Children enjoying being out and seeing a variety of environments. Downtown offers a unique experience no matter the weather or time of year. Interior areas like Union Station and the connection to Crown Center are always nearby. Parks have ample area to play in fresh snow. Warmer weather brings opportunities to select food from farmers and interact with street activity. The entire neighborhood offers unique experiences not found elsewhere in the city.
We get the question a lot when talking about downtown living: “But… where will your kids go to school?” It’s a loaded question, pointing out the recent and very real tumult of our local public school district but also the general belief that not enough is happening downtown to sustain a young family (more on that topic in our next post!).
Last month, DNA’s meeting was hosted by Kansas City Public Schools (KCPS) at Primitivo Garcia Elementary, and we heard from outgoing Superintendent Dr. Stephen Green about the great strides the district has made.
Full disclosure: Kansas City Public Schools is a DNA sponsor, but they did not request this post be written nor did they have editorial authority over its content. There are many great school options for residents of downtown; KCPS is the public, non-charter option so we wanted to learn more and pass that knowledge on to our resident base. If you have more questions about KCPS or Primitivo Garcia Elementary, Eileen Houston-Stewart is ready and willing to talk with you. If you are looking for a school for your child, check out an overview of all of your options at Show Me KC Schools.
“Once in demise, now a rocket on the rise.”
- KCPS is focusing on “Where we’ve been, where we are, and where we’re going.” Dr. Green used a metaphor of a rocketship: astronauts have to know about every moving piece, from launch pad to landing, and the school has to understand where it was in order to improve.
- In 2011, test scores were way down. Dr. Covington had just left, and the district was meeting only three of the 14 target areas. The district fell out of accreditation.
- Over the past three years, the district’s overall scores have increased significantly: check out this chart. It is now provisionally accredited and expects to be fully accredited soon.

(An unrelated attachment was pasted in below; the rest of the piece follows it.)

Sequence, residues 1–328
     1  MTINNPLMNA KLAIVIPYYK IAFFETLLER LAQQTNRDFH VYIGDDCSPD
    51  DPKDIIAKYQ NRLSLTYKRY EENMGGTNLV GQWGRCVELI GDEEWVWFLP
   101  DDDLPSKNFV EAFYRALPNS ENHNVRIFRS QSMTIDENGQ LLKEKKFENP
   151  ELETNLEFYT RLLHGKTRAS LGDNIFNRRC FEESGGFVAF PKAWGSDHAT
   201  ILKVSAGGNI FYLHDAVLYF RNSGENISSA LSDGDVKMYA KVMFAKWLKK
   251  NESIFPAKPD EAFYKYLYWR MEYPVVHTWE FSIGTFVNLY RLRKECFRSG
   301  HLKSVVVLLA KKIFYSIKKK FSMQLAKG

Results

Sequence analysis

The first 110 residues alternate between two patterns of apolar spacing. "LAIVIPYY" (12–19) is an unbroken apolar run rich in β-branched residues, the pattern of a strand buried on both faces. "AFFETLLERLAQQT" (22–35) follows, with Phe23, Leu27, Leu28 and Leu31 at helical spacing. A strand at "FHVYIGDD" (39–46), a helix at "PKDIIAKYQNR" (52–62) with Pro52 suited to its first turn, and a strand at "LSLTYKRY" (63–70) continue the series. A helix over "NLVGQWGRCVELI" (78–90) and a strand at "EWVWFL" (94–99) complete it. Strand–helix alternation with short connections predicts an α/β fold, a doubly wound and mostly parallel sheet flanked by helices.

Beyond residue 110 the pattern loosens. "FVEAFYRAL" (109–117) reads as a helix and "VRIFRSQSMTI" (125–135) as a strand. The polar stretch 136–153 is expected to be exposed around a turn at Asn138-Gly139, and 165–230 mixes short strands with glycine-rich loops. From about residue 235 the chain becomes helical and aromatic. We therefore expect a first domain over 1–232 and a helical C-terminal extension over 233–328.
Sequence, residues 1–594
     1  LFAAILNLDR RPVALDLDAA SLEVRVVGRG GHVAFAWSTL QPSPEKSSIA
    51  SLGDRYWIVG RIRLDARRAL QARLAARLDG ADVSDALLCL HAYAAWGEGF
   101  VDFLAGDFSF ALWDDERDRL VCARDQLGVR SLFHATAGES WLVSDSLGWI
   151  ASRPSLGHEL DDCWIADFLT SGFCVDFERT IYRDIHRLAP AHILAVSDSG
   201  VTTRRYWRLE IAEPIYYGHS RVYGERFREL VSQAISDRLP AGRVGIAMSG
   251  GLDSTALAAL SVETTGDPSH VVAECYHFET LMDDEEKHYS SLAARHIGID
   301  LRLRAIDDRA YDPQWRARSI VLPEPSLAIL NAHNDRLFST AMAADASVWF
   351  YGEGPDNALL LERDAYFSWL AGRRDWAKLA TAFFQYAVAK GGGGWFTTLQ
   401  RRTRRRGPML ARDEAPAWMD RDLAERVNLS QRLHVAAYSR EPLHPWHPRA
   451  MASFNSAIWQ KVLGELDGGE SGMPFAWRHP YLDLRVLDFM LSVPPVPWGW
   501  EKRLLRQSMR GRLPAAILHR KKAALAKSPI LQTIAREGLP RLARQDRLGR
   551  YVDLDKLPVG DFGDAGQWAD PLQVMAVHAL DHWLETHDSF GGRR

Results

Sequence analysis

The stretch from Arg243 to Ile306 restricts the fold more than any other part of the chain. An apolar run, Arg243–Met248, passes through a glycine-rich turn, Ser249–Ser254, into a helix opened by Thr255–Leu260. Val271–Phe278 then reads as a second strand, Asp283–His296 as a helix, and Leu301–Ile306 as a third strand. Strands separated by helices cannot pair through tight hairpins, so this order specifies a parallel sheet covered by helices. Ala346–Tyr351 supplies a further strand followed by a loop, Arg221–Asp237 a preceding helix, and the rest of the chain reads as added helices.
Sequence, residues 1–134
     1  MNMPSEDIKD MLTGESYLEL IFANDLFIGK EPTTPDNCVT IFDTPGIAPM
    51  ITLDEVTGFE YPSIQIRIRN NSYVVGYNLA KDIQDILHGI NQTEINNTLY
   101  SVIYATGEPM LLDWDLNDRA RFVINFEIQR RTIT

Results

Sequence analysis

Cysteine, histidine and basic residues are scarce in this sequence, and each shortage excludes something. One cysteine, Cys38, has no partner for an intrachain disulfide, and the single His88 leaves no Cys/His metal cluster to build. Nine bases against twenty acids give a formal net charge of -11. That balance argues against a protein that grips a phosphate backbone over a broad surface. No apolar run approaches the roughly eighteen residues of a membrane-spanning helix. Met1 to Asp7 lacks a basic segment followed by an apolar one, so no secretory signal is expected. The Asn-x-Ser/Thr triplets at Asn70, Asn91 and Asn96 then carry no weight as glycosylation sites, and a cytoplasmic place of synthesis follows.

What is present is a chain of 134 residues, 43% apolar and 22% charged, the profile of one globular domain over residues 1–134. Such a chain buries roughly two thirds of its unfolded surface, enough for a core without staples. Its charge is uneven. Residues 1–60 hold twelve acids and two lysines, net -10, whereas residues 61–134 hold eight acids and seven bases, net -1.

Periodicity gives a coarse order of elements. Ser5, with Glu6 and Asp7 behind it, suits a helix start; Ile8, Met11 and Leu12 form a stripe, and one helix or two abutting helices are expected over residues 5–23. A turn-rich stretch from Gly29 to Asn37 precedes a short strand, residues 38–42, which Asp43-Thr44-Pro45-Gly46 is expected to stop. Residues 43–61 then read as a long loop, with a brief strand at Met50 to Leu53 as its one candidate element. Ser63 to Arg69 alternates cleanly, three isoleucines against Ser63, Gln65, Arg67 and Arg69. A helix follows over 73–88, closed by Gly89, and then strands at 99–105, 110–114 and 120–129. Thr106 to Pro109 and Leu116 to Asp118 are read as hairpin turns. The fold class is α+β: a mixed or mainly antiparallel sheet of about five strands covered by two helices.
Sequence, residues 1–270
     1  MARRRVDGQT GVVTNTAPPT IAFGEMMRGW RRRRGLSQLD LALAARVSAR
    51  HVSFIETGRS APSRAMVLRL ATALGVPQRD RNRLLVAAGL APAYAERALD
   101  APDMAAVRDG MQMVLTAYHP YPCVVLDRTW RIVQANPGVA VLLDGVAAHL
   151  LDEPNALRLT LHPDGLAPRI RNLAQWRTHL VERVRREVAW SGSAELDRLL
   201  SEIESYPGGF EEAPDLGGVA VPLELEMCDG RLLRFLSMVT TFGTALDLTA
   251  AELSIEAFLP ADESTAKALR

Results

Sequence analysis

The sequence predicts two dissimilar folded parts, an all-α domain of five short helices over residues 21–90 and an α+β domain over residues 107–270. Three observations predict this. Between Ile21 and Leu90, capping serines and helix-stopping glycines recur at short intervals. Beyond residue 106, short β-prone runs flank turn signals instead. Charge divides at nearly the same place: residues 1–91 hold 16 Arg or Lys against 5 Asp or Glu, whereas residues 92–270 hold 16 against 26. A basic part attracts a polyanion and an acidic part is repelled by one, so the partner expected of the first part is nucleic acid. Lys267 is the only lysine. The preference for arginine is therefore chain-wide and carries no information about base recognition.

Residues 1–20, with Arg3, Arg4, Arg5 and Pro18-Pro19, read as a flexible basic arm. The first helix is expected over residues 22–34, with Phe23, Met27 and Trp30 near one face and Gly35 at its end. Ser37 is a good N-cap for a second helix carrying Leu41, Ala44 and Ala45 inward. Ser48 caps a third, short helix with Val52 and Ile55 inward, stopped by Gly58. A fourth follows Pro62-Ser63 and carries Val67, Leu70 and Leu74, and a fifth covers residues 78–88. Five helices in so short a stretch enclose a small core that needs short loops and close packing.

Getting the community involved
- Organizations throughout Kansas City are asking to get involved with the district, after the district all but withdrew as it struggled. City Year will partner with the district during the 2015-16 school year. High school internships impressed companies and will continue to be part of preparing students for college.
- Revitalizing, reopening and maintaining buildings is part of how the district is trying to support the communities it serves. Woodland recently re-opened at 7th & Woodland Ave., as a Pre-K school.
Even though Dr. Green is leaving, the administrative offices are not leaving with him. There is a dedicated group of staff who are working to keep the district moving along the same path.
The district has a leadership continuity plan in place for the transition. The entire cabinet has had to be “superintendent for a day”, gaining a better understanding of how the district’s day-to-day activities and responsibilities work.
- There will be an interim superintendent while the board works to hire a new one (hopefully by March 2016). Check out kcpublicschools.org/transition for updates from the district.
What can we do?
Individuals can volunteer at KCPS schools
Join the Mayor’s Turn the Page KC program
ADVOCATE. Schools are important to all neighborhoods. We should be proud of KCPS’s successes and supportive of the steps that remain in creating a great school district. Learn more at kcpublicschools.org/RISE. Be prepared next time someone asks you, “But… what about schools?” KCPS wants to Reconnect, Inspire, Support, and Engage to be better than it has been in a long time.
VOTE. A school board has a lot of influence on the direction of the district. While elections won’t be held until April 2016, it will be important for downtowners to be educated on the candidates and to cast a ballot for the future of KC.